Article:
A project from artist Lauren McCarthy asks what it would feel like if Alexa was a real person instead of a machine

It is estimated that there are now 11 million Amazon Echoes in homes around the world. While the AI assistant can be helpful, most people don't think of the fact that Amazon Echo is always on, and always listening and recording data about them. Artist and UCLA assistant professor Lauren McCarthy is running a project to examine how people would feel if Amazon Echo was a real person rather than a machine.

The project, called Lauren, has McCarthy sitting in a volunteer's home for three days doing everything that Alexa would do. She turns on lights, gives advice and helps you cook a meal. McCarthy installs smart home appliances and cameras all over the volunteer's home so that she has full control over the lights, music, temperature, locks and appliances. The cameras enable her to watch the inhabitants around the clock, both while sleeping and awake.

Lauren offers a high level of service with the ability order food and adjust a room to fit the homeowner's needs. McCarthy noticed the amount of control that homeowners gave her varied. Some were willing to have McCarthy to sit in on intimate hour-long conversations between friends, while others didn't want her in the room.

Footage from the home of one of Lauren McCarthy's project volunteers. Photo: Lauren

The project started with three participants from McCarthy's own extended network but is expanding so that anyone can submit an application online for her to come into their home. The artist reports that some individuals whom she's told about the project are horrified by the idea of having a stranger sit in their homes, but others are up for the experience.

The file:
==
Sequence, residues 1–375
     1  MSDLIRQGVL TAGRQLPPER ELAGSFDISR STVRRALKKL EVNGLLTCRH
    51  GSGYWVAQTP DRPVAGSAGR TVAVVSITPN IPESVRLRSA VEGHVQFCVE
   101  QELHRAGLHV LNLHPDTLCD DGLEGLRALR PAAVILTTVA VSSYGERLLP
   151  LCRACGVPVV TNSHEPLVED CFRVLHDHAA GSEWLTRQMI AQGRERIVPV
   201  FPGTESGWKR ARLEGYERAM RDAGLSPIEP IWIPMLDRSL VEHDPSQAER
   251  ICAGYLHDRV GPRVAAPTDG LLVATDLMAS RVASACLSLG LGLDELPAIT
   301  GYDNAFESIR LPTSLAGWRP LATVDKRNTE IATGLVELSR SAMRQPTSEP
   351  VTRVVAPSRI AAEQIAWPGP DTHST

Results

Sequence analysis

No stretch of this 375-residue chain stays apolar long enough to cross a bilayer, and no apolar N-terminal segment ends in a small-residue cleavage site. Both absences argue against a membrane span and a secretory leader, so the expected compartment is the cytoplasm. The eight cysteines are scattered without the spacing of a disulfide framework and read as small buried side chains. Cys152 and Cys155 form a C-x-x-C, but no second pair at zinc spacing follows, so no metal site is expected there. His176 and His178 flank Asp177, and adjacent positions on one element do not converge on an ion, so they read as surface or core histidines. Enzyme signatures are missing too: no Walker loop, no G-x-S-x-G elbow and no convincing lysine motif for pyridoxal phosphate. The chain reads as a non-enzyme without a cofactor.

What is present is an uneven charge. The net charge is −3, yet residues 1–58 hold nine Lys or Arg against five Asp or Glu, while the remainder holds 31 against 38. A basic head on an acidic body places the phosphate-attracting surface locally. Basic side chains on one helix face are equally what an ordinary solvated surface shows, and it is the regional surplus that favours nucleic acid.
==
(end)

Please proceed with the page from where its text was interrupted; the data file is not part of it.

McCarthy's project examines the relationship between technology and privacy that an AI assistant offers. Are people more comfortable with a human observing them and learning about them or are they more comfortable with a machine recording and storing your data in a far-off server?

Artificial intelligence's role in our lives is only going to grow with more connected devices. As our environments shift, McCarthy wonders how our social values and how we interact with the world might shift as well. With everything that we gain from AI, is something being lost as well?

Lauren

It is estimated that there are now 11 million Amazon Echoes in homes around the world. While the AI assistant can be helpful, most people don't think of the fact that Amazon Echo is always on, and always listening and recording data about them. Artist and UCLA assistant professor Lauren McCarthy is running a project to examine how people would feel if Amazon Echo was a real person rather than a machine.

The project, called Lauren, has McCarthy sitting in a volunteer's home for three days doing everything that Alexa would do. She turns on lights, gives advice and helps you cook a meal. McCarthy installs smart home appliances and cameras all over the volunteer's home so that she has full control over the lights, music, temperature, locks and appliances. The cameras enable her to watch the inhabitants around the clock, both while sleeping and awake.